“There are people in the world so hungry, that God cannot appear to them except in the form of bread.” ~ Gandhi

Hunger negatively affects people’s health, productivity, sense of hope and overall well-being. A lack of food can stunt growth, slow thinking, sap energy, hinder fetal development and contribute to mental retardation.

In the wake of the threat of mass deaths from starvation, courtesy of the perennial famine ravaging the Horn of Africa, fingers are already being pointed at the usual scapegoats and whipping boys in what has become a perpetual struggle against hunger in this region.


However, it behoves those of us engaged in the blame game to actually have our facts straight in regard to the issue of food crises around the world; otherwise we do disservice to those staring down their very own graves, with perched throats and grumbling tummies, while we sit on our rockers engaged in circular arguments based on half-truths.
I’m also aware that few people have the time to ready lengthy tomes on any subject, which is why I intend to try and condense the facts about hunger into as short a log as possible.

It needs to be understood that hunger is not simply the fact of being hungry and needing to eat something, it is a continued deprivation in a person of the food needed to support a healthy life, basically a family subsisting on a diet of ugali and sukumawiki for weeks on end is suffering hunger.

Children, rural folk, and those inhabiting slums suffer the most from hunger; which is probably why Dr. Mutua doesn’t know of anyone that has died from hunger since, by being an adult ensconced in a gated community in some leafy suburb, he hardly inhabits the realms of the three groups.

Close to a billion people are affected by hunger. To quote a British NGO: “Each year, 15 million children die of hunger-related causes. This means that, every day, throughout the world, 40 000 children die. The loss of human life is as great as if an atomic bomb – similar to the one that destroyed Hiroshima during the Second World War – were to be dropped on a densely populated area every three days.”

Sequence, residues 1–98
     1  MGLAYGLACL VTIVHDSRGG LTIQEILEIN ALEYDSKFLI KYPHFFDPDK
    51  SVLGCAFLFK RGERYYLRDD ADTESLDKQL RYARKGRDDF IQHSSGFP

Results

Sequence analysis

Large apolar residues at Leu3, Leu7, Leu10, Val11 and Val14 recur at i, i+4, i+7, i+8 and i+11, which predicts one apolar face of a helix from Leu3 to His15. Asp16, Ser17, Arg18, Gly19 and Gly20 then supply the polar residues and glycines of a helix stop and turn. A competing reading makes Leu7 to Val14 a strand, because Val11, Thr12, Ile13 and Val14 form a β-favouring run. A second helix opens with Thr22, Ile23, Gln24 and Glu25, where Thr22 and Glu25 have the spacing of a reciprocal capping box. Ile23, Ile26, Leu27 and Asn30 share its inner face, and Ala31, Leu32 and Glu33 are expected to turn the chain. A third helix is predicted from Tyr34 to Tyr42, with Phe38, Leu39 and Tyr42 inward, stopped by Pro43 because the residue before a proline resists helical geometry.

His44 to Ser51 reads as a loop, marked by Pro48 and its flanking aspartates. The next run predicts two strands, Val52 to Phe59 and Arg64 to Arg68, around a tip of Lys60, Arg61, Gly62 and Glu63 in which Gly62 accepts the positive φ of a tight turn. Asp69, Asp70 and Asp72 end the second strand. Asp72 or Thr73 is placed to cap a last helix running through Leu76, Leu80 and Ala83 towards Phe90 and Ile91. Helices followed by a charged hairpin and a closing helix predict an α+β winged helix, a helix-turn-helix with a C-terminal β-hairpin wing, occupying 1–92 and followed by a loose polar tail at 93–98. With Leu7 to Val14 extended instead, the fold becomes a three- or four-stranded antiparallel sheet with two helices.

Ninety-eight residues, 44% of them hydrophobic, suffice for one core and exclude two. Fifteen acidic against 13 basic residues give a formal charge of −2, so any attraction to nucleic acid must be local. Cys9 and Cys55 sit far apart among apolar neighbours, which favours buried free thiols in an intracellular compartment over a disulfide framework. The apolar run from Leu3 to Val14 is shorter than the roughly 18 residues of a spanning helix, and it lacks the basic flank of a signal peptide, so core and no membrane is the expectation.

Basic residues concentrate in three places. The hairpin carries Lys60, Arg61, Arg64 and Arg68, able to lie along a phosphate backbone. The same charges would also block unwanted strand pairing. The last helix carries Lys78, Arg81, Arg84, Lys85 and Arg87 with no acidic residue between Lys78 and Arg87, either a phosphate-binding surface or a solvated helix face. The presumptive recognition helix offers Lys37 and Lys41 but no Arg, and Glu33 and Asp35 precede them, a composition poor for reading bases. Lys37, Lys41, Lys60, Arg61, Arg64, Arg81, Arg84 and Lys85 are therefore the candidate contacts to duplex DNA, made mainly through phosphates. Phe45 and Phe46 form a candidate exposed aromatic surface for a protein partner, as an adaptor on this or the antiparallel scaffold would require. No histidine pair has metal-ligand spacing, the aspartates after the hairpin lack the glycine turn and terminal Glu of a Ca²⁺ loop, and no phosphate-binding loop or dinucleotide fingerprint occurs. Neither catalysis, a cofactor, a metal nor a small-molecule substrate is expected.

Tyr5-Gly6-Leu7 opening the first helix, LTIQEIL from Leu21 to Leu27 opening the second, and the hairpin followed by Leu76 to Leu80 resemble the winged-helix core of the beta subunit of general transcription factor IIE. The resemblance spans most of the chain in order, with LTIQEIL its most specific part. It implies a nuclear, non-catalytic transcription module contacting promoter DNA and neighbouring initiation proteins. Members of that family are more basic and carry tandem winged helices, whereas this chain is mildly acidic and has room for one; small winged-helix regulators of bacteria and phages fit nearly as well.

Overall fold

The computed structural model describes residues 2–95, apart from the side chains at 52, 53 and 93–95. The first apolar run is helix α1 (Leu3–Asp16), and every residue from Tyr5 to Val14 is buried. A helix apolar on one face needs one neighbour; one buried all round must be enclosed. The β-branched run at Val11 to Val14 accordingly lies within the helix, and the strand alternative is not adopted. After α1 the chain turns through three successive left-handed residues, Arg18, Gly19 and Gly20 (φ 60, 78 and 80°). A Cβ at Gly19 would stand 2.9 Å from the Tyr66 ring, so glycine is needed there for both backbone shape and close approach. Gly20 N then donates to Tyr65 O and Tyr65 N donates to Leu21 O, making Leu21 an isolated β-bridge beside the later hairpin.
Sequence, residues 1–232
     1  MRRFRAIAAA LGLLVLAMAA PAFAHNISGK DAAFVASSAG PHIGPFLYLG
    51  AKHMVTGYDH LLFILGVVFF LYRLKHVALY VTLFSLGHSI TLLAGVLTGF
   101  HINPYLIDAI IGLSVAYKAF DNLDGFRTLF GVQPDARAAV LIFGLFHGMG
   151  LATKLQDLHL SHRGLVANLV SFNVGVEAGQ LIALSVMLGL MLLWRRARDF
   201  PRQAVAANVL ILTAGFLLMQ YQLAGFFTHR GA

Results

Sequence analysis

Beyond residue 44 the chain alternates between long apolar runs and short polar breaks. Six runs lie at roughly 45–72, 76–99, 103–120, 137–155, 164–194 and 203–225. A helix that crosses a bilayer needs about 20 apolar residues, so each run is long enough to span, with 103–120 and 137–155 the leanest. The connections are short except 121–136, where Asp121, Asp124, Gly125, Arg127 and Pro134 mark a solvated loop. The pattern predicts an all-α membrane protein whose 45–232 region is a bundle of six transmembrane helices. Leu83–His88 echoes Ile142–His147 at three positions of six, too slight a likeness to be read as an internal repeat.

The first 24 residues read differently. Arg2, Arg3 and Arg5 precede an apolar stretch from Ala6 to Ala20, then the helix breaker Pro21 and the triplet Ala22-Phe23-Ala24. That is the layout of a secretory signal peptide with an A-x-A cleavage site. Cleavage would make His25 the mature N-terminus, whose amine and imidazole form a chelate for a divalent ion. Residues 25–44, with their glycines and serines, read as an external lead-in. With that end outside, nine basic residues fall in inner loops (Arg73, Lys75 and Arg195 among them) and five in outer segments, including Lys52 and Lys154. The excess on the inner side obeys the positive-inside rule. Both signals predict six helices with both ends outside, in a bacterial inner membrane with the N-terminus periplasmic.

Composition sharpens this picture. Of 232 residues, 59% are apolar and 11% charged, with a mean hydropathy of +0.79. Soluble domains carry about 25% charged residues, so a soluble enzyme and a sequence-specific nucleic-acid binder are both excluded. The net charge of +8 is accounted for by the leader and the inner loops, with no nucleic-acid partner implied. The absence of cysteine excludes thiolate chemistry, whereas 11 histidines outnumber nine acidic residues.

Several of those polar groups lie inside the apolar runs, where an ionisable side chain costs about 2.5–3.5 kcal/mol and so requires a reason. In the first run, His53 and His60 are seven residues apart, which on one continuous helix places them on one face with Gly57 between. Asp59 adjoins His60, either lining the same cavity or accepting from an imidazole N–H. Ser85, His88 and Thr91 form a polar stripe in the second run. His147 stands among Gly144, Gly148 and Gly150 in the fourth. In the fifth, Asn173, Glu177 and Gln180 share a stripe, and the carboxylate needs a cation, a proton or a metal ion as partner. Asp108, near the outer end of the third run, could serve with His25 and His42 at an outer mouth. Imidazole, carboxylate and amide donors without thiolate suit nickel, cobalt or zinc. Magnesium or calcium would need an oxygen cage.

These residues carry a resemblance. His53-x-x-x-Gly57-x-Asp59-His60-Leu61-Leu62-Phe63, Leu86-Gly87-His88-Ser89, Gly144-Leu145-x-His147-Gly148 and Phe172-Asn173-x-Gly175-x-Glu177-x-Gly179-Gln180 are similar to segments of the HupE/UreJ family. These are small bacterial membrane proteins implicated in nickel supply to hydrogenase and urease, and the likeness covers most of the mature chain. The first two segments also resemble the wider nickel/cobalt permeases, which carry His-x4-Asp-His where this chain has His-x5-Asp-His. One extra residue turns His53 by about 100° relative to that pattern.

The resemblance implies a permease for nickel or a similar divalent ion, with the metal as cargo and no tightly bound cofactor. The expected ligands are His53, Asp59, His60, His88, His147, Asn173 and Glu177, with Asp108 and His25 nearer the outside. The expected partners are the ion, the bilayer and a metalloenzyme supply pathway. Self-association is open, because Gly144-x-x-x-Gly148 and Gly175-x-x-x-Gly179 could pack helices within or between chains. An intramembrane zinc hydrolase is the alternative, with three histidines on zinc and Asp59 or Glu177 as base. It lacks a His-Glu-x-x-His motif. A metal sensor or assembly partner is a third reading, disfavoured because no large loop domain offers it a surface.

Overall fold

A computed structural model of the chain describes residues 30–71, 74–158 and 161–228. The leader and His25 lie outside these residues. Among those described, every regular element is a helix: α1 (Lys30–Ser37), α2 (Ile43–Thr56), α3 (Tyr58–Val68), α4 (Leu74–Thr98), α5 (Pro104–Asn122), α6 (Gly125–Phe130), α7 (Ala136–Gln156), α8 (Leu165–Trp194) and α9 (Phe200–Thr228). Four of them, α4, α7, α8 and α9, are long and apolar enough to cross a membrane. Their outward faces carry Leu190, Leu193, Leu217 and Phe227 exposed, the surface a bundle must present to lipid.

There are many varied reasons why hunger as a problem persists, we have natural causes such as drought, pests, natural disasters; and man-made reasons e.g wars, over exploitation of natural, etc. Interestingly the most frequent cause of hunger is grounded in economic and political factors that dictate how production and distribution of food is done around the world.
You see the truth is we have enough food for everyone in the world, that is if all the food grown in the world was divided in equal portions, then there’d be plenty for all of us, and we’d have a surplus; in deed we currently produce 10% more food than we need to ensure no one goes hungry.
It thus follows that hunger is not only about quantity of food at our disposal, but is affected by the means of distribution available, and trade imbalances that negatively affect 3rd world countries; the capitalist global system ensures that foods are sold to the richer countries that have profits from trading in other commodities and services, and then on to the people who hold the most wealth.
The question of high population density doesn’t even feature since most of the actual countries with high population densities are rich and thus can afford to import food from poorer countries, and as a result are not affected by hunger.

•Not prioritizing agriculture is one: Many governments would rather invest in infrastructure and in buying weapons than in irrigation or provision of seeds and fertilizers with grave consequences.
•Land scarcity and lack of equity in ownership: I need not mention the robber barons and crime families that have grabbed incredibly large swathes of land that now lies fallow across the country.
•Low farm prices: This is the reason farmers opt to plant cash crops instead of food crops, of course cash crops are not edible unprocessed.
•International trade imbalances: Poor countries export unprocessed foods to rich countries for a song and buy back machinery, farm inputs and the same foods, now packaged, at exorbitant prices.
•Skewed distribution: Hunger is suffered in areas that have little access in terms of infrastructure; this extends to poorer countries that cannot compete with the logistical capabilities of richer countries.
•Bad agricultural practices: This include the continuous sub-division of land into ever shrinking sizes reducing productivity, as a consequence forests are cleared to create room for more land and over-exposed lands are given to soil erosion and loss of fertility.
•Conflict: It is instructive and self-explanatory that war-torn Somalia is most affected by the current crisis in the horn of Africa.
Unless the real causes of hunger are addressed, we shouldn’t be in a hurry to put away our begging bowls; this will definitely not be the last time human beings will die needlessly by starvation in a world with a food surplus.



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